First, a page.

Shortcomings in Deepfake Detection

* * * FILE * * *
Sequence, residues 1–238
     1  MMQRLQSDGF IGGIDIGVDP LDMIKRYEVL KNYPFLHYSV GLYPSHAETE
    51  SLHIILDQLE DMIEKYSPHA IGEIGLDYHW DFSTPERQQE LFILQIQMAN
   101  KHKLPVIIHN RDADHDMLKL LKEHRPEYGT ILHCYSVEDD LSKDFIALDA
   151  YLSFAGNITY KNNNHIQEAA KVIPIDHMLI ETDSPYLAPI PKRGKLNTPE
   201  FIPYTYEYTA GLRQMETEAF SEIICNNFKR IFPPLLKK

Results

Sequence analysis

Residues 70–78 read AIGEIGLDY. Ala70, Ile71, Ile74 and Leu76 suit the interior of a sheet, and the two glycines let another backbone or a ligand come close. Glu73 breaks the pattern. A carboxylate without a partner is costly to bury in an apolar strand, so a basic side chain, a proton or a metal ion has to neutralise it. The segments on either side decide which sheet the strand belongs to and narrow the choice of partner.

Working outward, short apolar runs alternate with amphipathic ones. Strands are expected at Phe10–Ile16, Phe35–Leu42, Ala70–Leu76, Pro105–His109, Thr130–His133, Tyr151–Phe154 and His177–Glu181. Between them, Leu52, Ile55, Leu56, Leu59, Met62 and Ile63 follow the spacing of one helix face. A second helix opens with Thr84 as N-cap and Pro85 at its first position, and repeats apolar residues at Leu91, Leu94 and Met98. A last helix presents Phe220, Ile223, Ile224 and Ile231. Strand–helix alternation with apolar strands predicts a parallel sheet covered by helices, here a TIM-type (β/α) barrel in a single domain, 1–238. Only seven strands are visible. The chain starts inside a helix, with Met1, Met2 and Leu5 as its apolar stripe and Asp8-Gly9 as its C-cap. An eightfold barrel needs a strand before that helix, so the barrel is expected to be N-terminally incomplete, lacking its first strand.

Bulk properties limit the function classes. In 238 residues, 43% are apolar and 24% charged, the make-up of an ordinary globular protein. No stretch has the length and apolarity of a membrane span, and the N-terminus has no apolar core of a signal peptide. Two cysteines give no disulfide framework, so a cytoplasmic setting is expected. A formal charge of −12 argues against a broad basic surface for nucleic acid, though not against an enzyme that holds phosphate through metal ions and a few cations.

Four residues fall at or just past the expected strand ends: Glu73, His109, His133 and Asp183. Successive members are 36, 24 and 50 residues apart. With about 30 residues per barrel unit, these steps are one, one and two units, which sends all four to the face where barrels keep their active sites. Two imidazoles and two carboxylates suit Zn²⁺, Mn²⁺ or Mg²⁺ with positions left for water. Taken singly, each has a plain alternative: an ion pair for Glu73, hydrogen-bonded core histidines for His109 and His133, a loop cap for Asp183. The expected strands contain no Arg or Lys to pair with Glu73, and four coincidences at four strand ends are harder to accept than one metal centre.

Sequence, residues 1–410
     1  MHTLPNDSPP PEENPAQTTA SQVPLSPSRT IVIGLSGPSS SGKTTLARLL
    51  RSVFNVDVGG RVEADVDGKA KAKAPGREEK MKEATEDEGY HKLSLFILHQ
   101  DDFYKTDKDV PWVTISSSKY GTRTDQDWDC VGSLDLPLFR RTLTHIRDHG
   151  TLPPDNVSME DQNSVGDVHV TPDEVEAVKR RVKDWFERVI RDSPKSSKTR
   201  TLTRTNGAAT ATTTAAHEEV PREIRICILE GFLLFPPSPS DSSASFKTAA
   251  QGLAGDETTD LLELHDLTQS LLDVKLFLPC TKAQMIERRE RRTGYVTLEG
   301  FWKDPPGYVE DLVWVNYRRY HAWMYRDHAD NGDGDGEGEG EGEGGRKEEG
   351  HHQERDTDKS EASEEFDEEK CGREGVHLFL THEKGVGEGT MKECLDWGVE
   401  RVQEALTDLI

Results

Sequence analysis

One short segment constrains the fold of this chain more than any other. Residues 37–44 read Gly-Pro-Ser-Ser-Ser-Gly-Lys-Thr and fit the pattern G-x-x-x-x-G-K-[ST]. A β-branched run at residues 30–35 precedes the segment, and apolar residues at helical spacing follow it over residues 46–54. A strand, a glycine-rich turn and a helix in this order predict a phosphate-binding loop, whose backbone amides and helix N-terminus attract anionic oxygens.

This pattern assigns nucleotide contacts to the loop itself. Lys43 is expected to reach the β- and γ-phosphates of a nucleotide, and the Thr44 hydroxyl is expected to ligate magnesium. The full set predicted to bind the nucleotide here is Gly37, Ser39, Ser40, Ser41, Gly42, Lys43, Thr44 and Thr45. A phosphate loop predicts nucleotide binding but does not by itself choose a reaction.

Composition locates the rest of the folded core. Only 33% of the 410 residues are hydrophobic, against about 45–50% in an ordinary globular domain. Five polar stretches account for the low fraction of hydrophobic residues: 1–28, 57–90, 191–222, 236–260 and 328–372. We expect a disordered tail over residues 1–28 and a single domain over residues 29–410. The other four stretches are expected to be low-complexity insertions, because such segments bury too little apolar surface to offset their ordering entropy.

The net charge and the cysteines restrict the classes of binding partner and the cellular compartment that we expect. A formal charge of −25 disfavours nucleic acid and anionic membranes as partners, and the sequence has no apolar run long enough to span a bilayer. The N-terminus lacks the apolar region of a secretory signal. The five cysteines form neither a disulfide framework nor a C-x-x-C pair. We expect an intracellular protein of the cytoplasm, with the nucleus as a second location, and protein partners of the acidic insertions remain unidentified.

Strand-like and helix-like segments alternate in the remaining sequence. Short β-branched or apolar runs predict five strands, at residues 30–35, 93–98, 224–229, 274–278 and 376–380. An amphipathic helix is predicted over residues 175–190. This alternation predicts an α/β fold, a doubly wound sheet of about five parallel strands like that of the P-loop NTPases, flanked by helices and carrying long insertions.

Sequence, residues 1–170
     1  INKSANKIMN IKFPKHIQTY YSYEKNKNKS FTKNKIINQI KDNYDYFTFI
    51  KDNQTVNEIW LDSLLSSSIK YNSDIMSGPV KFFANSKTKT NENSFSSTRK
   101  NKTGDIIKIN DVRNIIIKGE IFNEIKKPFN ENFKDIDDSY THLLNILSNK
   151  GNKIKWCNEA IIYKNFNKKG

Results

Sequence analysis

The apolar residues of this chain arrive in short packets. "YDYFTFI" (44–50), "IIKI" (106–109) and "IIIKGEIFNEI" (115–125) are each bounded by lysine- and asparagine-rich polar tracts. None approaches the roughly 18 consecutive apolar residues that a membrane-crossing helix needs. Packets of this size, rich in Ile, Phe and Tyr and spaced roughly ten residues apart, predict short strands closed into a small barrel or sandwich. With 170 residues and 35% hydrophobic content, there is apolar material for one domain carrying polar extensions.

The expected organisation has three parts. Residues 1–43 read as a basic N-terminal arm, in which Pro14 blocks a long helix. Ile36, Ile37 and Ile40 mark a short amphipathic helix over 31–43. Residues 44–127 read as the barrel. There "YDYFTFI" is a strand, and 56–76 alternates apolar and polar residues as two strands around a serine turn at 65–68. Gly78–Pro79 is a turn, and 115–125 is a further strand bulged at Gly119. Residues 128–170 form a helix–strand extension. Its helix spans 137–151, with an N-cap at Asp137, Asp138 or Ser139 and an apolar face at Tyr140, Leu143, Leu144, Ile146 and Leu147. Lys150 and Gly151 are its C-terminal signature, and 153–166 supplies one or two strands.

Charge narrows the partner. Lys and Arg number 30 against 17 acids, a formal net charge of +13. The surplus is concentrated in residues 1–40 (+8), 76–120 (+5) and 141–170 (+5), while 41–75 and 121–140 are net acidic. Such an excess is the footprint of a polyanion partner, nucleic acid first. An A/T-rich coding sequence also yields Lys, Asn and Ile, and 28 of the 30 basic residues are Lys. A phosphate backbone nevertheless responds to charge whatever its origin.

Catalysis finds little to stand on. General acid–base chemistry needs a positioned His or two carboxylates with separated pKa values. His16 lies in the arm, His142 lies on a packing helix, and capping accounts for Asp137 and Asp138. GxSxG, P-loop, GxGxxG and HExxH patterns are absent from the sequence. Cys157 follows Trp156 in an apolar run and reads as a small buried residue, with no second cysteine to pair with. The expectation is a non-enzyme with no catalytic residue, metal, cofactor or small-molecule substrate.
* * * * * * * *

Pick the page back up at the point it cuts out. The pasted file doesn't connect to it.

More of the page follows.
In the future, deepfake technology concerns will not only apply to widely known celebrities and political figures but rather that private citizens will be targeted and won't have the funds or resources to clear their name.[23] By imitating a CEO asking employees to send money, corporate scams also pose a threat.[24] Identity theft using deepfake technology can be used to commit financial fraud and other crimes.[25] While there has been tremendous advancement in detecting deepfake media, this detection technology remains far behind the technology used to create the deepfakes.[26] Recognizing this, some companies that produce deepfake technology have issued ethics statements in order to be more transparent about the potential for misuse of their technology.[26] In one of these ethics statements, deepfake technology company Descript admits that "the quality of generative media could increase at a rate that outpaces technology designed to detect it."[26] This would present a deficit for deepfake detection technology. Along those lines, Descript admits that despite all the research underway to help detect deepfake media, it remains unclear how this issue will be resolved.[26] In order to minimize the dissemination and impact of deepfake media on society and individuals, consumers are urged to be critical of every piece of media they consume and to verify any information they find with other reliable sources before sharing with others.[3][26]